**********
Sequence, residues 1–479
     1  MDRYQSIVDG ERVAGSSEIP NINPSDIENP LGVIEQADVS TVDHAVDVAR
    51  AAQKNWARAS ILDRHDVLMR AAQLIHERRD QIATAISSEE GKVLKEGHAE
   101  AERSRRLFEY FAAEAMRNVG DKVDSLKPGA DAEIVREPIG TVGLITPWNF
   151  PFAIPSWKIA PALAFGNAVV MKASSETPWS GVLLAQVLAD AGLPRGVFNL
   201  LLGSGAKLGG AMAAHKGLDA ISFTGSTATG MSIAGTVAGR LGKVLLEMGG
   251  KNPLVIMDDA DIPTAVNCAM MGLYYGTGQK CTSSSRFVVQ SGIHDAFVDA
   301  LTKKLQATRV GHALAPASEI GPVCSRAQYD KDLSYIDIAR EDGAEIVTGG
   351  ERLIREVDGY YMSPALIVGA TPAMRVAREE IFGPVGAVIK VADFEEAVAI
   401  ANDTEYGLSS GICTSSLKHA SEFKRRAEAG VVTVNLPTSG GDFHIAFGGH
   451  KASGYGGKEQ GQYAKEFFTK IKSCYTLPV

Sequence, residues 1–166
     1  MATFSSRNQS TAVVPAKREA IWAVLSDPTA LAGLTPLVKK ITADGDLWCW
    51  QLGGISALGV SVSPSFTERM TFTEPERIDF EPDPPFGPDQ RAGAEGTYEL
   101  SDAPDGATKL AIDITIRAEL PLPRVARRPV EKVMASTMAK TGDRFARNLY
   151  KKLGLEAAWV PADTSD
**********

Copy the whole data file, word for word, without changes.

Sequence, residues 1–479
     1  MDRYQSIVDG ERVAGSSEIP NINPSDIENP LGVIEQADVS TVDHAVDVAR
    51  AAQKNWARAS ILDRHDVLMR AAQLIHERRD QIATAISSEE GKVLKEGHAE
   101  AERSRRLFEY FAAEAMRNVG DKVDSLKPGA DAEIVREPIG TVGLITPWNF
   151  PFAIPSWKIA PALAFGNAVV MKASSETPWS GVLLAQVLAD AGLPRGVFNL
   201  LLGSGAKLGG AMAAHKGLDA ISFTGSTATG MSIAGTVAGR LGKVLLEMGG
   251  KNPLVIMDDA DIPTAVNCAM MGLYYGTGQK CTSSSRFVVQ SGIHDAFVDA
   301  LTKKLQATRV GHALAPASEI GPVCSRAQYD KDLSYIDIAR EDGAEIVTGG
   351  ERLIREVDGY YMSPALIVGA TPAMRVAREE IFGPVGAVIK VADFEEAVAI
   401  ANDTEYGLSS GICTSSLKHA SEFKRRAEAG VVTVNLPTSG GDFHIAFGGH
   451  KASGYGGKEQ GQYAKEFFTK IKSCYTLPV

Sequence, residues 1–166
     1  MATFSSRNQS TAVVPAKREA IWAVLSDPTA LAGLTPLVKK ITADGDLWCW
    51  QLGGISALGV SVSPSFTERM TFTEPERIDF EPDPPFGPDQ RAGAEGTYEL
   101  SDAPDGATKL AIDITIRAEL PLPRVARRPV EKVMASTMAK TGDRFARNLY
   151  KKLGLEAAWV PADTSD